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Noise Reduction










Acoustical Barriers
  An energy source produces noise as a radiating sound pressure wave which moves through the air in all directions. The most effective, economical and flexible method of noise reduction is usually the construction of a barrier (or enclosure) between the noise source and the receiver.
  Barriers prevent the transmission of sound, but do not absorb sound. With a barrier, the sound is reflected back in the direction of its source.
  The essential physical characteristic of a sound barrier is mass. Heavy, dense materials are good barriers, while soft, porous materials are poor barriers.
  The second important characteristic of a good barrier is limpness. A rigid barrier material can transmit vibration and regenerate noise on the other side of the barrier, while a limp material will not shake or vibrate in a sound field.


Acoustical Absorbers
  Sound absorption is necessary to reduce the intensity within a room or enclosure. The process of absorption depends on the sound wave entering the material and being converted to heat by a frictional process on the porous material surface and cells.   The essential physical characteristics of absorbers is controlled porosity. Sound absorption is intended to reduce noise reverberation from reflective surfaces. Since the sound wave must flow through an absorbing material, its effectiveness as a sound barrier is very limited.   It is important to consider the use of sound absorbing material on the inside surfaces of a noise barrier, especially when a full or partial enclosure is being designed. The lack of sound absorbing materials causes a highly reverberant condition inside the enclosure, thus defeating the effectiveness of the design.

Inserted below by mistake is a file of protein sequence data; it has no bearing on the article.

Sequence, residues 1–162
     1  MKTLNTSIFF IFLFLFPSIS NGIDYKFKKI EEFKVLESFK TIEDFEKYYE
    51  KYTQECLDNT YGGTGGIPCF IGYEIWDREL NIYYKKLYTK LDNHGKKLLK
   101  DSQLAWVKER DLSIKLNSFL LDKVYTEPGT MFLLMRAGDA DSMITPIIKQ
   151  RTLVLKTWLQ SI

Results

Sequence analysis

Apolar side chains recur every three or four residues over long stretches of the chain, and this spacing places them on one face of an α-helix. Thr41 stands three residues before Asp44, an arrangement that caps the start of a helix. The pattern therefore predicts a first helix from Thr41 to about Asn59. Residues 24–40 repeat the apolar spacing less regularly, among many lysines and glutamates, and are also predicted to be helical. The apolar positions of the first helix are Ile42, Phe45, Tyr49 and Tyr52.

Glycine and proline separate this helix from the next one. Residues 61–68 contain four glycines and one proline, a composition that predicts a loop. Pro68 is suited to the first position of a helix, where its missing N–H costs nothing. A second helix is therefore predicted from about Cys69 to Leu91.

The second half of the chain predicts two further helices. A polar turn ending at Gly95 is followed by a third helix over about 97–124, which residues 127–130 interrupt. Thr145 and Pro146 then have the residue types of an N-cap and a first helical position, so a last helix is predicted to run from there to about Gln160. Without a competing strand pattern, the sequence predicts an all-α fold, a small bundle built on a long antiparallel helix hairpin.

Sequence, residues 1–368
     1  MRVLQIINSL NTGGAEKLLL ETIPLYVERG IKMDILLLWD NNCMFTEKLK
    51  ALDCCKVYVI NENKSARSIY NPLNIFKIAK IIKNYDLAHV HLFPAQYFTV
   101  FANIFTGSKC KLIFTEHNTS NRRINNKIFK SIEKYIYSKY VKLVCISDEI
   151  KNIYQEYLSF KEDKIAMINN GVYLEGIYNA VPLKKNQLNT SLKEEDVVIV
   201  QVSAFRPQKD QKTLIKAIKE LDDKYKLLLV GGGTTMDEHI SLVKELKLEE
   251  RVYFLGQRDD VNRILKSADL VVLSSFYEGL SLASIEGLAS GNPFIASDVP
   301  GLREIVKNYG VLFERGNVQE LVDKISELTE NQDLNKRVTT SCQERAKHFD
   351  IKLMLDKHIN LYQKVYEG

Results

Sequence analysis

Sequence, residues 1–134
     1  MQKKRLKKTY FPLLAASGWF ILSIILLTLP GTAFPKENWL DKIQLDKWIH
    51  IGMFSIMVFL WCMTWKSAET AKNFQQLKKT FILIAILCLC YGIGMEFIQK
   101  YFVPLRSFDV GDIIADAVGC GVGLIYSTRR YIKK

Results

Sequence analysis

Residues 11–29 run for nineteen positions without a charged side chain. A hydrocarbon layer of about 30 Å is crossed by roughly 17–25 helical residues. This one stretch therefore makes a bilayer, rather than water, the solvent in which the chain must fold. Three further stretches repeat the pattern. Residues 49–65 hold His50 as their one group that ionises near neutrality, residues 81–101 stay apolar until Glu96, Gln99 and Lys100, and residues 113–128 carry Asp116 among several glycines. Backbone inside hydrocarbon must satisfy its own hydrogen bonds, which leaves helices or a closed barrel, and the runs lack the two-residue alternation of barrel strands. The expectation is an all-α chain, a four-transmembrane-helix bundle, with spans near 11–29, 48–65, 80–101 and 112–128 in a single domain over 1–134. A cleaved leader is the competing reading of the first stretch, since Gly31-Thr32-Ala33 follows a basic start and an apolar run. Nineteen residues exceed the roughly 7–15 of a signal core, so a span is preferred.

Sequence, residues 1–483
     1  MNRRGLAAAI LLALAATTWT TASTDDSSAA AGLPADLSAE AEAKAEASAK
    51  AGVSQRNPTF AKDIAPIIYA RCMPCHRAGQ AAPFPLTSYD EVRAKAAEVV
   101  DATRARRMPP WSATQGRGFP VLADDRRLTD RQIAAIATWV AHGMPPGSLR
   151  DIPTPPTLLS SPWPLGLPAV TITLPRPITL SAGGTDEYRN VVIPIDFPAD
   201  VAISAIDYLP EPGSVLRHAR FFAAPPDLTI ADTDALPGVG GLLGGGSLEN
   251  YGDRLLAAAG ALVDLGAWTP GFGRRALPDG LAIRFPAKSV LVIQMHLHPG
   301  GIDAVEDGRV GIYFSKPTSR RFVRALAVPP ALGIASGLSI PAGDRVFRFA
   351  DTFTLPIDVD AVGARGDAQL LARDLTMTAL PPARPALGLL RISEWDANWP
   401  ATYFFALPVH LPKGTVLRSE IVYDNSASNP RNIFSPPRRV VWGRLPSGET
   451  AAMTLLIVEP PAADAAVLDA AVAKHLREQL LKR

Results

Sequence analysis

Vibration Damping
  To control vibration, it is necessary to prevent the structural transmission of vibrational energy between the source and the surface. Vibrating surfaces are frequently damped by applying visco-elastic materials directly to the surface converting the vibrational energy to heat.   The minute flexing of the damping materials provides the energy dissipation and "decay" to reduce noise. Metal no longer "rings" when struck. Damping materials are primarily used on light guage vibrating metals, but may also be effective on wood or plastic.